As a leadership coach, I frequently work with executives who don’t match the current vision of the ideal fit for the role. Often – but not always – the gap is one that can be bridged by developing new sustainable behaviors with the support of a good behavioral coach and authentic upper management.
Before we talk about how much change is possible, let’s first explore a few reasons why the gap occurs in the first place.
Just as in marriage, if you enter into the relationship with the idea that you can change the other person [typically in an effort to imbue them with ‘superior’ qualities much like your own], much frustration and increasing dysfunction is bound to follow…on both sides.
How do we end up with the right person in the wrong job?
Hired the wrong person to begin with.
- This is often due to lack of clarity about what the role requires – from both a competency and emotional intelligence perspective or because the decision maker was so impressed with certain aspects of the person’s personality or background that they ignored or minimized gaps. Typically, at least one person involved in the hiring process recognized the gaps but either didn’t bring them up – or more typically – ignored them.
Promoted the person without adequate and objective assessment.
- This is relative to what the new role requires and what the internal candidate brings to the party – both in terms of competencies and emotional intelligence. This is a common practice that is responsible for demoralizing many a competent person and tanking many a critical project. Promoting people to their ‘level of incompetence’.
Hired or promoted the right person, but…
- Leadership doesn’t communicate the vision and expectations well – and/or throws up significant barriers to achieving them. If you examine the reasons an executive is struggling and failing to meet expectations, there is typically a contribution from leadership and/or culture. This is the reason ‘plug ‘n play’ coaching is not a solution. Performance is part of a system.
Any change that is authentic and sustainable happens within the framework of WHO the person is – how they are behaviorally wired.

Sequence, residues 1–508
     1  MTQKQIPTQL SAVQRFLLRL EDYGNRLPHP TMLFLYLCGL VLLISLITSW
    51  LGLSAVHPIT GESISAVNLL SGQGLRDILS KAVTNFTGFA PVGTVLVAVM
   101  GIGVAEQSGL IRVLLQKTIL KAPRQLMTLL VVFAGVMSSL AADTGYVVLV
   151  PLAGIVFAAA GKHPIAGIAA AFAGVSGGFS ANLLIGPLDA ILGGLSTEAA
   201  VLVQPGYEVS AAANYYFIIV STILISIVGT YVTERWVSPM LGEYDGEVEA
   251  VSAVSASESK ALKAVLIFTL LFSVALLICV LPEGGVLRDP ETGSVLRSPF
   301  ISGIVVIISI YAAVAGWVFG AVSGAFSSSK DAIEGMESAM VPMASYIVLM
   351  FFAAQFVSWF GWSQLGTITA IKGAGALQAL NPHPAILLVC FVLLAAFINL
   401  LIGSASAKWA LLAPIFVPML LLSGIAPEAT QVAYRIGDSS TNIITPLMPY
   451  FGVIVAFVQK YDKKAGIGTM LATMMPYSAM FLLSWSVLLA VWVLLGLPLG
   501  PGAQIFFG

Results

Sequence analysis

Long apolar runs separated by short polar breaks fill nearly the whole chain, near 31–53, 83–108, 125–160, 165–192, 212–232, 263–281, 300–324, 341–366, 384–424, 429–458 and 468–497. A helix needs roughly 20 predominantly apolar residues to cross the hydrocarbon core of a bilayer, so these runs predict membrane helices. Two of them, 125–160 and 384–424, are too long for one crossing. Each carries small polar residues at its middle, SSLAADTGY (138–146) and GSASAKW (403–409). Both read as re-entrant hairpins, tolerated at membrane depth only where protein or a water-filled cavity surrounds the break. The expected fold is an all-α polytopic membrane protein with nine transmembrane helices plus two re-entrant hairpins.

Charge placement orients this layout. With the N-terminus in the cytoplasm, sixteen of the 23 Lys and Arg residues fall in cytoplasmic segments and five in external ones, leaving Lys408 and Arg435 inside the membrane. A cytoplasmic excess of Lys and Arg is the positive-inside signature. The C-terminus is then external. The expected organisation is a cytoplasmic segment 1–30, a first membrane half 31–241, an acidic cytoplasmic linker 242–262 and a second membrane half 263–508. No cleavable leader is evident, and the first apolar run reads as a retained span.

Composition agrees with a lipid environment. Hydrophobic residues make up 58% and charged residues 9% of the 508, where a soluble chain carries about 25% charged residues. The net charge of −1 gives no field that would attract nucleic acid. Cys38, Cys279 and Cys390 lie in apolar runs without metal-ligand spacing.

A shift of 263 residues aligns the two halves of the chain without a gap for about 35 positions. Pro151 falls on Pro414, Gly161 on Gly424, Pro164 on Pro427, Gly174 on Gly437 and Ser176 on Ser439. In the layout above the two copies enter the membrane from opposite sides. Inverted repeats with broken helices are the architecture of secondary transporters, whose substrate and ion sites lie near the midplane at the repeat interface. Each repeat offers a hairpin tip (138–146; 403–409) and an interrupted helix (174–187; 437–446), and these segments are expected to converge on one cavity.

Many are hired on the basis of what they’ve done, and then fired for who they are.
Sally is a bright, action-oriented top performer; a high intensity leader with low self-control when stressed or frustrated.
A good behavioral coach can successfully guide Sally in developing more self-awareness, and practicing specific behaviors that will increase her level of emotional intelligence. Some of those new behaviors might include becoming more patient, giving more thought to what other people need from her to achieve the desired business outcomes, building authentic relationships with her colleagues, and controlling her intensity so that she doesn’t burn people out. Sally will still be the same person. The primary difference will be in her self-awareness and her behaviors when people don’t meet her expectations.
However, if you expect Sally to become the manager of a unit in maintenance stage, to manage details and not to rock the boat, not grow business or recommend improvements…..you are very likely to be disappointed – because:
Any change that is authentic and sustainable happens within the framework of WHO the person is
Todd is an affable, easy-going, reliable [as long as he’s in his comfort zone] socially warm and well-liked-by-most director. He gets the job done for the most part, but is not an assertive go-getter and strongly prefers the status quo.
A good behavioral coach can successfully guide Todd in practicing new skills and accessing additional resources to become more outcome-oriented, prioritize and manage time well, and even to become more comfortable providing feedback and redirecting his reports.
On the other hand – if you expect Todd to become an assertive leader of [for example] a struggling, start-up or high growth organization….. you are very likely to be disappointed, again because:
Any change that is authentic and sustainable must happen within the framework of who the person is.
Investment in objective assessment and expectations-setting [alignment] upfront is a tiny fraction of the investment in cleaning up the inevitable radiating mess when you don’t.
Feel free to comment regarding your experiences – successes or horror stories in the comments below.